Download
HTML Embed
HTML EMBED
Click to Copy
Marketplace Morning Report

What the term "able-bodied adults" misses

Dec 5, 2019

Latest Episodes

Download
HTML Embed
HTML EMBED
Click to Copy
Marketplace Morning Report
Download
HTML Embed
HTML EMBED
Click to Copy
Marketplace Tech
Download
HTML Embed
HTML EMBED
Click to Copy
Download
HTML Embed
HTML EMBED
Click to Copy
Marketplace Morning Report
Download
HTML Embed
HTML EMBED
Click to Copy
Marketplace Morning Report
Download
HTML Embed
HTML EMBED
Click to Copy
Marketplace Morning Report
Download
HTML Embed
HTML EMBED
Click to Copy
Download
HTML Embed
HTML EMBED
Click to Copy
Make Me Smart with Kai and Molly
Download
HTML Embed
HTML EMBED
Click to Copy
Download
HTML Embed
HTML EMBED
Click to Copy
Corner Office from Marketplace
Have something you want Kai to explain? Let us know!

Duqu: A new breed of spyware is spreading

Molly Wood Nov 15, 2011
Share Now on:
HTML EMBED:
COPY

It’s called Duqu. Don’t worry just yet, it’s not likely to have infected your computer. Unless, that is, your computer is located at Iran’s Civil Defense Department. That’s where Duqu has very recently been detected. It’s not exactly known who created Duqu, but experts agree that it’s so sophisticated it could only have come from a large well-funded organization. This isn’t some kid dinking around in the basement, this is high-level.

“If you think about the way like say a cruise missile is built,” says Alex Cox of RSA Security, “You’ve got the concept of a payload and then you’ve got the delivery system. You can think of Duqu in the same way. The malware has a delivery system and a payload.  In the Duqu example, the payload is just an information-stealing piece of malware, so when that Duqu malware is installed on a machine, it’s able to collect information and send it back to its controllers, giving information on the machine it’s installed on.”

In other words, it’s a spy. But this is online espionage. No trenchcoats, no briefcases.  Just malware. Welcome to the future. And Duqu is incredibly hard to detect in part because it flees the scene of the crime, deleting itself within days of installing.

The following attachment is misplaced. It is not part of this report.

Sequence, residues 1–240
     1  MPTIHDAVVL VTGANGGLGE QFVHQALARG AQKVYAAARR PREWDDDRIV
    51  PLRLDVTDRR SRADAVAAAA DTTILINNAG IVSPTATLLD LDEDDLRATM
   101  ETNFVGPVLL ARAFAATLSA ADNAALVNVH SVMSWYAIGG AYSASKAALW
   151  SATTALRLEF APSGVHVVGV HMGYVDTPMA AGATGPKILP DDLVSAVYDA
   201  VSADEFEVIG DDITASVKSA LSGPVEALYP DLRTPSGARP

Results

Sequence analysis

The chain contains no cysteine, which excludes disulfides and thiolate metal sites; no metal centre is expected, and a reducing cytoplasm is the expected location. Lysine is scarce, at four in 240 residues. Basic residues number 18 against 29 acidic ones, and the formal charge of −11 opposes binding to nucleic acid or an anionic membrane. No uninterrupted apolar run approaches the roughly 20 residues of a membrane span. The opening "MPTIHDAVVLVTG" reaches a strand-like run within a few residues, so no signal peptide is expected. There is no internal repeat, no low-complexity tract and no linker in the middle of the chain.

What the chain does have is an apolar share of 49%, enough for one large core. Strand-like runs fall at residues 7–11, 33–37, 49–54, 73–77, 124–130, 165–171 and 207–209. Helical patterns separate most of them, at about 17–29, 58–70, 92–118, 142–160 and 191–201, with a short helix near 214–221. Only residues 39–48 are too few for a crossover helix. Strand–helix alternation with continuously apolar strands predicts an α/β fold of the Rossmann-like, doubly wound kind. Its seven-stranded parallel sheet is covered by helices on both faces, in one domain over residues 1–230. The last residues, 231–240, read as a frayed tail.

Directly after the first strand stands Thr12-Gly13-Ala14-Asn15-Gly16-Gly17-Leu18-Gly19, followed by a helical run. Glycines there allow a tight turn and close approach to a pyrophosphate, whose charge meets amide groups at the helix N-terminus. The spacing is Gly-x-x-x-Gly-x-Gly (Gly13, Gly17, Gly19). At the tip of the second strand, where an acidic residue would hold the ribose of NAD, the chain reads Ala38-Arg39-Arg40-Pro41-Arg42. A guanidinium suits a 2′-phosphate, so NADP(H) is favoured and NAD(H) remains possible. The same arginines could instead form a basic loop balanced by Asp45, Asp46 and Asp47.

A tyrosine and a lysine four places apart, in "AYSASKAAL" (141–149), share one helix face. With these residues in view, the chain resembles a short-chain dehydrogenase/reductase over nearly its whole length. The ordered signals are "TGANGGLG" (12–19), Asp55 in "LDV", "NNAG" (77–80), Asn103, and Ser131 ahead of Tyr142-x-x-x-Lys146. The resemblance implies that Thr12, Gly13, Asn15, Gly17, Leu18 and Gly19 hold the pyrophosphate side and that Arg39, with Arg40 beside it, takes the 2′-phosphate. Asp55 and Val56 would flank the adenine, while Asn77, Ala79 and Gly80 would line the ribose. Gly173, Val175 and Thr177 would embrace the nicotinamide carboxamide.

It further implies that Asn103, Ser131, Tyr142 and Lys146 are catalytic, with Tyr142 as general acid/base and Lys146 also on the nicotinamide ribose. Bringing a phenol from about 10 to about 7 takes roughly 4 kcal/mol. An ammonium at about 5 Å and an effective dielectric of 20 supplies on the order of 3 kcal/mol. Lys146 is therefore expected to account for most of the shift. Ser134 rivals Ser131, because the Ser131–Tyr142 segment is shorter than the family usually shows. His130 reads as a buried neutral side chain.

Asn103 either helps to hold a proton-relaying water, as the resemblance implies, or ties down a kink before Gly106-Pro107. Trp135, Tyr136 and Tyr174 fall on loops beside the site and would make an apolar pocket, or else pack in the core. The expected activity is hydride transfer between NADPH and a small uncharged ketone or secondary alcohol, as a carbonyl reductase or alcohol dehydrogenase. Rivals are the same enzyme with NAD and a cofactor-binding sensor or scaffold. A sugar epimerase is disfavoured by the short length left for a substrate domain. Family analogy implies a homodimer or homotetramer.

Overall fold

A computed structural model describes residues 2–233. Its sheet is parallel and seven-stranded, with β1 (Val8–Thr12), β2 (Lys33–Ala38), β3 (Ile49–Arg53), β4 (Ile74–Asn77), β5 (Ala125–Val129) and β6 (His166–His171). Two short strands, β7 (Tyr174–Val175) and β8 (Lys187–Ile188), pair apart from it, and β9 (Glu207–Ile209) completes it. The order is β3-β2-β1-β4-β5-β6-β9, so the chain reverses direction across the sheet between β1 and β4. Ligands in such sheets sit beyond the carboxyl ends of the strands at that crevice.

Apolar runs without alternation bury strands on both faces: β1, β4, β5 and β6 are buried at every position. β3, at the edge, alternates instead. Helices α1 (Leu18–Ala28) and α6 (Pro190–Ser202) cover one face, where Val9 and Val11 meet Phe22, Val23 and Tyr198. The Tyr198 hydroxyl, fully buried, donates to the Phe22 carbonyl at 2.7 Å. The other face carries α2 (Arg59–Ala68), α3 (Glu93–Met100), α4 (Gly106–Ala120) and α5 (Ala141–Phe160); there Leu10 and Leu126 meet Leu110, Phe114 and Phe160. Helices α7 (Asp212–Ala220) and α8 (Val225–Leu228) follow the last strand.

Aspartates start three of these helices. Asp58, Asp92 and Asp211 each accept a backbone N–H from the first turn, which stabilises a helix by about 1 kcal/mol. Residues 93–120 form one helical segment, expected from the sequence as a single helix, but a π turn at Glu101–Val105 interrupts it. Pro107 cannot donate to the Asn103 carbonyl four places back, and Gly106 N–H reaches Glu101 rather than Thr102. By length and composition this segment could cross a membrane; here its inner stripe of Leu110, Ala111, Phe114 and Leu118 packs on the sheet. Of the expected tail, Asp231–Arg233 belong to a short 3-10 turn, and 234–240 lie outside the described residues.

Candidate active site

As for how it gets in in the first place, Kevin Haley from Symantec Security Response says, “It hides itself within a Word document. When the user clicks on it, there is actually a vulnerability, a way that runs the program the way it’s not supposed to be run which allows the threat to get downloaded on the computer and run.”

Duqu has been compared to Stuxnet, a recent computer worm that appears to be targeting control systems for things like Iran’s nuclear power program.  Haley says, “The reason it’s been associated (with Stuxnet) is based on our research. It has some of same source code, kind of the building blocks of a computer program, are used in Duqu that were used in Stuxnet. The difference between the two is Duqu is only doing what we call reconnaissance. It’s getting on the computer and it’s looking for information. Stuxnet not only got on the computer and looked for information, but it took that information and crafted a pretty incredible attacks that ended up attacking industrial control systems, the tiny computers that run, in this case, cylinders that were used to enrich uranium.”

Experts aren’t yet sure what Duqu is trying to achieve here, what the ultimate goal is. Stay tuned.

Also on today’s program, Jailbreak the Patriarchy is a new extension you can get, free, for the Chrome browser. It switches all gender pronouns on a website. He becomes she, mom becomes dad.

Creator Danielle Sucher created just for fun but has had some interesting gender insights along the way.

Fall of the Berlin Wall
Fall of the Berlin Wall
The financial lessons of Germany's reunification 30 years ago.  
Check Your Balance ™️
Check Your Balance ™️
Personal finance from Marketplace. Where the economy, your personal life and money meet.

‘Tis the season to give back!

 

Donate today to TRIPLE your impact, thanks to the Kendeda Fund.